History shows us the dangers inherent in an elite pleasure island floating in a sea of deprivation. The Iranian revolution of 1979 was a political movement against the repressive Shah, but it was also was a massive conservative-religious backlash against an elite perceived to be too rich and too westernized. Khomeini’s class war soon became a cultural war. Today groups like the Sene have no mass support but the fact that militant traditionalism is now the calling card of thuggish youth shows a dangerous fusion of cultural as well as class hatred. This is a class war expressed through culture.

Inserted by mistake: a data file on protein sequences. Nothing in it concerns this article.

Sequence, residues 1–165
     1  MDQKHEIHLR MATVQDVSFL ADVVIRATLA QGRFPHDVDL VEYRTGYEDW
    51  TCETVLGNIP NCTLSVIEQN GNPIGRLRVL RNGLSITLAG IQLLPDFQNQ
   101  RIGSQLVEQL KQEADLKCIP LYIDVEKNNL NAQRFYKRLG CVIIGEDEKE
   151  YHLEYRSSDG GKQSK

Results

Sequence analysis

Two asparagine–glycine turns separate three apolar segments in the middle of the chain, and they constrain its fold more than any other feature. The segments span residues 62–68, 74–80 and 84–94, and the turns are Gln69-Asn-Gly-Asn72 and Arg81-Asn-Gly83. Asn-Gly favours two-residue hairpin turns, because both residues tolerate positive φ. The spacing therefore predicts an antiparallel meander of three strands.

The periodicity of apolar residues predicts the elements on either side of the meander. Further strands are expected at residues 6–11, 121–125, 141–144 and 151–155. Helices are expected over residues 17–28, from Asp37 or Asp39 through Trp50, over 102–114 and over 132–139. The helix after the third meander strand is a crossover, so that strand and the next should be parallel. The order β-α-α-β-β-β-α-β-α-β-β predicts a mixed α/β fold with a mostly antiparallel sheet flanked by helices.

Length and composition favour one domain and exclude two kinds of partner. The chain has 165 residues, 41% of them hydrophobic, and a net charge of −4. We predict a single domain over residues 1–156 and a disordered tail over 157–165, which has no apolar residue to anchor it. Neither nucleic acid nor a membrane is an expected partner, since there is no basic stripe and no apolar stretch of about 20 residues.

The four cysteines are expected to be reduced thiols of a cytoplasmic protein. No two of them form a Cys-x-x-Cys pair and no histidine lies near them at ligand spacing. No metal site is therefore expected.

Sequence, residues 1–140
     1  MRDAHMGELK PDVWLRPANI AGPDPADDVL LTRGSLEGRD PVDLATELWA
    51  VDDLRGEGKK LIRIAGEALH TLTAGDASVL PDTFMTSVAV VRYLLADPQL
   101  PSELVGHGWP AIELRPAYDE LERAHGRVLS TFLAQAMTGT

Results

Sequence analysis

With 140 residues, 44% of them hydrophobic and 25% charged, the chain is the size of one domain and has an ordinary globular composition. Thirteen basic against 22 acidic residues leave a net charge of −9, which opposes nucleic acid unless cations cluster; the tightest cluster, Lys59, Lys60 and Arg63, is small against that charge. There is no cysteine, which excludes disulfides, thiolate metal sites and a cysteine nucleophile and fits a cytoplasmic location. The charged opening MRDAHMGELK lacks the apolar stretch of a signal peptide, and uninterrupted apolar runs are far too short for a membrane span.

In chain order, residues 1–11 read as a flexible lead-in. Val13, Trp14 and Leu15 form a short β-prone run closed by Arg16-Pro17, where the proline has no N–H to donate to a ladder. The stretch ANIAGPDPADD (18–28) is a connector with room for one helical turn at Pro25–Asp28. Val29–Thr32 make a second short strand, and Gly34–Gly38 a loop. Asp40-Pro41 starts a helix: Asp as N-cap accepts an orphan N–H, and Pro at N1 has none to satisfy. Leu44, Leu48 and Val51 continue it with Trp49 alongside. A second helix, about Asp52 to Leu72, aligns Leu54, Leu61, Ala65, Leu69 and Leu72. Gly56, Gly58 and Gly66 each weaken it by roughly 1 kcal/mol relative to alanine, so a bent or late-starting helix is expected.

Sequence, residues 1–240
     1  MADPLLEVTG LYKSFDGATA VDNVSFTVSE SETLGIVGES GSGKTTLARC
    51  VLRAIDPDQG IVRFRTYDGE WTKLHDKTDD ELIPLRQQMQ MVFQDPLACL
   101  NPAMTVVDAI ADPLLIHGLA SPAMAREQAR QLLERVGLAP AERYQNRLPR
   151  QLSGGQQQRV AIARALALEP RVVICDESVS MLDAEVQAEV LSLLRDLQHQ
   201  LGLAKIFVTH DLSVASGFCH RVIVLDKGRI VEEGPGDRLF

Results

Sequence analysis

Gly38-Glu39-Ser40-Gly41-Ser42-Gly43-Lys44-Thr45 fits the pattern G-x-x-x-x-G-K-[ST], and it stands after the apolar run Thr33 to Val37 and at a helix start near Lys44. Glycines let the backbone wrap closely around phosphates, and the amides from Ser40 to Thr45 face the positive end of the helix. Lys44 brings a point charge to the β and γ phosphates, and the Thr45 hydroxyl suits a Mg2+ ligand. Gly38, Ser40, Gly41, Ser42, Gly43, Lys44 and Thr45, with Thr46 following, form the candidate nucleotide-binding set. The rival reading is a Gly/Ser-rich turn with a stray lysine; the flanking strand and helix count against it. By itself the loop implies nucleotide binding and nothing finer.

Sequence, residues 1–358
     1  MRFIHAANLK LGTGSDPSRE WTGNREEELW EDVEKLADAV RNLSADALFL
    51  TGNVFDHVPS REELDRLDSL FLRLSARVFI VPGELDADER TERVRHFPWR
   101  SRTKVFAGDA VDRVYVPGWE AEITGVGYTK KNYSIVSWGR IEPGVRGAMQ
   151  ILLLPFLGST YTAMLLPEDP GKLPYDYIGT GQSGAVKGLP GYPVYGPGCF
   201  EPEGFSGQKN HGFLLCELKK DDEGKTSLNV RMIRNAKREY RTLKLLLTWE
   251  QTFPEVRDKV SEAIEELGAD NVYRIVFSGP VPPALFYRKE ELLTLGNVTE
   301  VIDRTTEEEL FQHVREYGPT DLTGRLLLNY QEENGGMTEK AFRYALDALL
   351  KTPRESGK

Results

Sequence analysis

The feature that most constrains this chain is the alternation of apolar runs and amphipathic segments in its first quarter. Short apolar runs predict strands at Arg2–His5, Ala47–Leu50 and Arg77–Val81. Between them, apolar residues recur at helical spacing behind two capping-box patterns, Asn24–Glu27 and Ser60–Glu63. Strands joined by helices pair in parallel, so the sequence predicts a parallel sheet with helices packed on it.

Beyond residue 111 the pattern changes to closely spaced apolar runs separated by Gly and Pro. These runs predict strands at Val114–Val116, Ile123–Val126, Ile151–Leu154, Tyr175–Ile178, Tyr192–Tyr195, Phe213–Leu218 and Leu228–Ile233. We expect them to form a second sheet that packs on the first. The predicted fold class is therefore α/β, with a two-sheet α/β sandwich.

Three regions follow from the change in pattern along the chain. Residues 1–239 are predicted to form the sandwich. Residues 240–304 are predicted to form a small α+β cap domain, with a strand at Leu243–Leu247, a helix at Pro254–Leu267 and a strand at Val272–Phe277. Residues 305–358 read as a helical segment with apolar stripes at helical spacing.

Which is why India’s globalised westernized elite, or those who are its most visible face, are under attack in many parts of India. They are being attacked by those who have a grievance not just against modern women but against the new economy. The Sri Ram Sene, the Maharashtra Navnirman Sena, the Kannada Rakshana Vedike or other myriad ‘religious’ or ‘cultural’groups are all targeting “secular” plays, fashion shows, the Information Techonology and Bio Technology sectors or migrant workers. Every aspect of public life that is characterized by freedom and affluence is under threat and a potential target of violence. The chasm between the two Indias-the India of the pubs and the India of the Sri ram Sene is growing wider by the day and as economic transformation produces more social unrest, the emerging elite might face many more such attacks.